Ventilatory Support. Study the past if you would divine the future - Confucius
Considerable debate still surrounds the optimal treatment of severely ill patients with COVID-19 as we enter 2021. The different methods of their ventilatory support remain important topics with increasing concerns about possible harm associated with endotracheal intubation and invasive mechanical ventilation. As a consequence, non-invasive positive pressure ventilation, NIPPV, is being increasingly used.
Contrasting opinions with regard to the pathophysiology and management were outlined in two BMJ articles. In an editorial, Wilcox  stated that the ARDS caused by COVID-19 is similar to that from other causes and therefore, the principles underpinning ventilation should also be similar, whilst acknowledging that the arguments for and against early intubation and positive pressure ventilation, PPV, were unresolved. Martin  writing in the same edition, noted that the pathophysiology of COVID-19 had caused considerable surprises, including the higher than expected incidence of acute kidney injury, an increased incidence of thromboembolic events, pulmonary embolus, mismatch in lung perfusion and concerns with regard to high levels of positive end expiratory pressure, increasing intra-thoracic pressure and reducing venous return to the heart. He felt that “extreme circumstances have prompted ICUs to implement myriad novel approaches” and warned that the effort was far from over. A prediction that was chillingly accurate.
Could negative pressure ventilatory support be a “novel approach” to assist in COVID-19 and possible future pandemics?
Throughout most of the 19th century and the first half of the 20th century NPV devices were most commonly used to provide ventilatory assistance. There is more than 100 years of experience and research using negative pressure. Physicians moved from negative to positive pressure ventilation (PPV) in the 1950s , largely because of the shortage of heavy and bulky NPV devices and nursing issues. PPV was not physiologically superior. A common misconception amongst the present generation of anaesthetists, critical care doctors and nurses, is that this form of ventilatory support was only useful for the well-known polio epidemics. In fact, some centres have continued to use, research and modernise whole-body NPV devices, including generating continuous negative extra-thoracic pressure (CNEP) to increase the functional reserve capacity (FRC) instead of using continuous positive airway pressure (CPAP) therapy, and adding negative end-expiratory pressure (NEEP) to NPV to provide an equivalent therapy to the combination of positive end-expiratory pressure (PEEP) with PPV .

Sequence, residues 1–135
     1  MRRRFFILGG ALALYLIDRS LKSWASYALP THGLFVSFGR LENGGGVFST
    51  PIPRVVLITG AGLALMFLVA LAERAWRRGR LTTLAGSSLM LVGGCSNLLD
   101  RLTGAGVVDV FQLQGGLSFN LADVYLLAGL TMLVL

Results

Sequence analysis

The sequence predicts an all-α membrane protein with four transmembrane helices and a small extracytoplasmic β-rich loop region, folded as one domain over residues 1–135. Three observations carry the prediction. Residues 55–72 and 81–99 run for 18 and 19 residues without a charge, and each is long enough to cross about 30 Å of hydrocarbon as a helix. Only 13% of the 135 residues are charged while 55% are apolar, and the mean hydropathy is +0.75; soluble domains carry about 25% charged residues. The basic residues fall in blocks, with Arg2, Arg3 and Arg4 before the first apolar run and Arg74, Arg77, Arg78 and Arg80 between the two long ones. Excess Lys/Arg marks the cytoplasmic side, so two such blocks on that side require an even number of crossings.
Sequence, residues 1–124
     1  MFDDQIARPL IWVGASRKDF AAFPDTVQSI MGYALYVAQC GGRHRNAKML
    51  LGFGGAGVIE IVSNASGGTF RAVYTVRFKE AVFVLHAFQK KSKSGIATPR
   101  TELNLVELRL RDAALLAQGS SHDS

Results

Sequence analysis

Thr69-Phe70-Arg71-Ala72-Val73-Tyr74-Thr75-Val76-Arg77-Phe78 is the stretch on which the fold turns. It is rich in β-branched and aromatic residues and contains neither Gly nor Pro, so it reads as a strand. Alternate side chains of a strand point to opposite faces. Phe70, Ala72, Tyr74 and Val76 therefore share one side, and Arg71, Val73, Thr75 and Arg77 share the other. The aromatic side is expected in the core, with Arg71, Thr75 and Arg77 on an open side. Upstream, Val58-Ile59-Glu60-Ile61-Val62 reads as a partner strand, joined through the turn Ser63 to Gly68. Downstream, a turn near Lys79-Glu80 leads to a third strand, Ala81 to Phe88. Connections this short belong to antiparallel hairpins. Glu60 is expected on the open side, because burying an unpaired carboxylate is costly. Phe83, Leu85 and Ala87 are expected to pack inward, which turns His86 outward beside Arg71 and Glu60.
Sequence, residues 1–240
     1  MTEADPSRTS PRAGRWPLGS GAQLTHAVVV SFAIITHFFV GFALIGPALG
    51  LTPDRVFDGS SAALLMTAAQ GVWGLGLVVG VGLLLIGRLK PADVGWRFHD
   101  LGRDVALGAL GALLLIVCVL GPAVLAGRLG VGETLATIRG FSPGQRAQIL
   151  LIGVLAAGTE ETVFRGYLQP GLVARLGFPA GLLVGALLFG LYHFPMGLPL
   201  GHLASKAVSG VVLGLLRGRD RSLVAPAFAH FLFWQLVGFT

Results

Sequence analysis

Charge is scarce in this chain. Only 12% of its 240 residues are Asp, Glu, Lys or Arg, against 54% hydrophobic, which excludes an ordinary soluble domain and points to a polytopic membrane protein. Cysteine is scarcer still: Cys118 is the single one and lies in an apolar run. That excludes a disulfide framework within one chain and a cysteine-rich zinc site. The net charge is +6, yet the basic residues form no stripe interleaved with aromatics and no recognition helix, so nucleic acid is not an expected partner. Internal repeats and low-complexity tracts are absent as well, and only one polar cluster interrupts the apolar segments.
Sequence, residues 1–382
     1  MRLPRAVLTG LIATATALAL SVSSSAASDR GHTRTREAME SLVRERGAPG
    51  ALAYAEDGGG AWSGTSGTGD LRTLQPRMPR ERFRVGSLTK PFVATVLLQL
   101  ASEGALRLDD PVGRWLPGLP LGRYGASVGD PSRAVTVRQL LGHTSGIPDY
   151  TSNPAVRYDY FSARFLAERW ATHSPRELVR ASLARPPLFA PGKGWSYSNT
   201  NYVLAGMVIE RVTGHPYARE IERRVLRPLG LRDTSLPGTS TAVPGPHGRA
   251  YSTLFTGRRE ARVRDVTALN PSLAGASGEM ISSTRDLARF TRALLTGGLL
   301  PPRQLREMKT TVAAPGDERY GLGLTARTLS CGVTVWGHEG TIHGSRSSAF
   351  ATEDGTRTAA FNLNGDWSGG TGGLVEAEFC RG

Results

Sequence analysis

Both scientific and clinical evidence suggest that a modern NPV device with an ultra-lightweight torso-only cabinet may provide an effective non-invasive ventilatory alternative to CPAP and HFNO, conserving oxygen supplies [5,6]. Importantly NPV may also be able to prevent escalation of the patient to intubation and PPV by its use in conscious patients, who are able to cough, talk, eat and drink whilst ventilated. NPV simulates natural lung movements, and does not reduce the cardiac output which can occur as noted by Martin  when the venous return is compromised by raised intra-thoracic pressure during PPV .
The ease of manufacture, use of readily available parts (not competitive with PPV devices), low cost and easier nursing and medical management, including the prone position, are important further considerations of particular relevance to low- and middle-income settings, as well as wealthy countries presently being overwhelmed by this crisis.
Never has there been a better moment to study the past if you would divine the future. s.
1. Wilcox S. Management of respiratory failure due to covid-19. Editorial. BMJ 2020;369:m1786
2. Martin D. Novel approaches to intensive care medicine. BMJ Opinion. BMJ 2020;369:190
3. Lassen HCA. A preliminary report of the 1952 epidemic of poliomyelitis in Copenhagen. Lancet 1953;1:37
4. Gorini M, Corrado A, Villella G, Ginanni R, Augustynen A, Tozzi D. Physiologic effects of negative pressure ventilation in acute exacerbation of chronic obstructive pulmonary disease. Am J Respir Crit Care Med 2001;163:1614-1618
5. Corrado A, Gorini M. Negative-pressure ventilation: is there still a role? European Respiratory Journal 2002 20: 187-197 DOI: 10.1183/09031936.02.00302602
6. Coulthard M, Ackerley D, Downie N, Fielding A, Harris J, Hodges E, Howard D, Joesbury I, Lambert H, Lund V, Mckeown D, Patel A, Roberts J, Speight C, Exovent: a study of a new negative-pressure ventilator support device in healthy adults. Anaesthesia 2021 In press
7. Corrado A, Renda T, Chiostri M, Villella G, Augustynen A, Misuri G, Bertini S, Tozzi D, Ginanni R, Maluccio N, Romano SM Cardiac output in normal subjects: negative versus positive pressure ventilation. Rassegna di Patologia dell’Apparato Respiratorio 2017;32:148-155
Professor David Howard, BSc, MBBS, MRCSLRCP, FRCS, FRCS(Ed), Hon GCPS.
Honorary Consultant, Imperial and UCLH NHS Trust Hospitals, London, UK.
48 years NHS service. ENT/Head and Neck Consultant, Royal National Throat, Nose and Ear Hospital (now UCLH), and Charing Cross Hospital, Imperial NHS Trust.
Special Interests - Laryngo-tracheo-bronchial trauma/stenosis, Critical Care, Head and Neck Oncology
Chairman of the Exovent Charity,UK. Charity Commission no.1189967
A group of medics, engineers and supporters who have produced a modern, not-for-profit, negative pressure ventilatory support device.
Competing interests: Chairman Exovent Charity, UK. Charities Commission no. 1189967